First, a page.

However, on performing this casting process, heat treatment must be done under a temperature of lower than 80 C. since an excellent film cannot be obtained by treatment at a higher temperature. Thus, a solvent applicable for the process is restricted and also the starting solution is restricted.

SUMMARY OF THE INVENTION

An object of this invention is to provide a process for preparing film having an asymmetric cross-sectional structure by wet method. According to the invention, the starting solution for a film is fed to an interface area of two liquid phases in a coagulation bath. At least one of the two liquids has a sufficient coagulating ability to make the starting solution into a gel.

According to the present invention, such phenomena as sedimentation or flotation of the starting solution can be prevented.

BRIEF DESCRIPTION OF THE DRAWING

The FIGURE shows a cross-sectional view of a film produced by the process of this invention. In the FIGURE, A is the face of the ethyl acetate side, B is the face of the water side, 1 is capillary and 2 is micro void.

DETAILED DESCRIPTION OF THIS INVENTION

The present invention provides a process for preparing a film having an asymmetric cross-sectional structure by wet method, which comprises feeding a starting solution for a film to an interface area of two liquid phases in a coagulation bath, where the two liquid phases are not miscible with each other and at least one of the two has a sufficient coagulating ability to make the starting solution into a gel.

According to the present invention, such phenomena as sedimentation or flotation of the starting solution can be prevented and moreover, this invention has an advantage in that dispersion into the coagulation bath of fine gelated precipitates, which do not participate in forming a film, can also be prevented.

Examples of starting solutions for films are an aqueous solution of cellulose sodium xanthogenate for rayon film; acetone or methylene chloride solution of cellulose acetate for cuprammonium rayon film; rhodanate, nitrate, N,N-dimethylformamide, N,N-dimethylacetoamide, dimethylsulfoxide or acetone solution of polyacrylonitrile for acrylic film; aqueous, alcohol or urea solution of polyvinyl alcohol for vinylon film; acetone-carbon disulfide or acetone-benzene solution of polyvinyl chloride for polyvinyl chloride film; N,N-dimethylformamide, N,N-dimethylacetoamide or dimethylsulfoxide solution of polyurethane for polyurethane film; aqueous alkaline or dimethylsulfoxide solution of soy casein, milk casein or yeast protein for proteinous film; and methylene dichloride solution of poly(L-glutamate-γ-methyl) or aqueous solution of poly(L-sodium glutamate) for polyamino acid film. Moreover, mixtures of above-described starting solutions comprising two or more kinds of components can also be employed in the present invention. Furthermore, the starting solution of a natural fiber being grafted with a polymeric substance or synthetic graft-polymer or block-copolymer can also be employed for preparation of films of this invention.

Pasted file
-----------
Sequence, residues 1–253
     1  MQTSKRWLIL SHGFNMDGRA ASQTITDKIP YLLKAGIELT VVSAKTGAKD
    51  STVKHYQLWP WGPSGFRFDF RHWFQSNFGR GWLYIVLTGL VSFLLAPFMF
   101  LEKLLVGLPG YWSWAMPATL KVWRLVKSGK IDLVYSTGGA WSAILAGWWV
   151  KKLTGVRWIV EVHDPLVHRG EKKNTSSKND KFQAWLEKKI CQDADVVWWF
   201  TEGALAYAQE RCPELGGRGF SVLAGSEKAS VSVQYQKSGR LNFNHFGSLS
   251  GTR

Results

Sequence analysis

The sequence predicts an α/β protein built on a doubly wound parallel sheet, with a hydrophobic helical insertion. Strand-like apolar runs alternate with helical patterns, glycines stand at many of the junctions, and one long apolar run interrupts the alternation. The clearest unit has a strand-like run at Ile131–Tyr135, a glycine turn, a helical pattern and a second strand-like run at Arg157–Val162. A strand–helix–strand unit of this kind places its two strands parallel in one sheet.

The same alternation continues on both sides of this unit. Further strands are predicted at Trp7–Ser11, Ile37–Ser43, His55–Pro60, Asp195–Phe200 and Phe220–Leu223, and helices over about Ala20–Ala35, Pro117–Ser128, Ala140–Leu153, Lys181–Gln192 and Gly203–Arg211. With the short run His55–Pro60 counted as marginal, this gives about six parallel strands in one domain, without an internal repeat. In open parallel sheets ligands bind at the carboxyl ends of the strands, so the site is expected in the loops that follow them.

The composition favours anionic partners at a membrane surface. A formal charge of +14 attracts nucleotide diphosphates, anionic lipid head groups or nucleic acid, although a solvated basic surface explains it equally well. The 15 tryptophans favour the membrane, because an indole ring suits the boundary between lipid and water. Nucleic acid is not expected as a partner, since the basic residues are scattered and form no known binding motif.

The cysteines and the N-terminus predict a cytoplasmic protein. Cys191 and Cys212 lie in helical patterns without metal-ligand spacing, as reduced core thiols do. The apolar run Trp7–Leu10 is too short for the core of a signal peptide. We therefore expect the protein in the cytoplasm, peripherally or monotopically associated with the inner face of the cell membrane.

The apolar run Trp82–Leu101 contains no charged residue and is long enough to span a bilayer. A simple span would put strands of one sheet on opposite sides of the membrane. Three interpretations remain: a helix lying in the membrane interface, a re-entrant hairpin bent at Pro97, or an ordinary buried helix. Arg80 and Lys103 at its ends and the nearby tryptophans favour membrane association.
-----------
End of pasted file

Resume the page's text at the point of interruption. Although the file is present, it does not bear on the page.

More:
As a coagulation bath in the present invention, there is a mixed system of two kinds of liquids that are not miscible with each other and form an interface area due to separation into two phases. At least one of the two is required to possess sufficient coagulation ability to cause gelation of the starting solution for film. Furthermore, it is possible to add additives for increasing or decreasing coagulation ability, solvents for adjusting specific gravity or soluble materials to the above coagulation bath as required.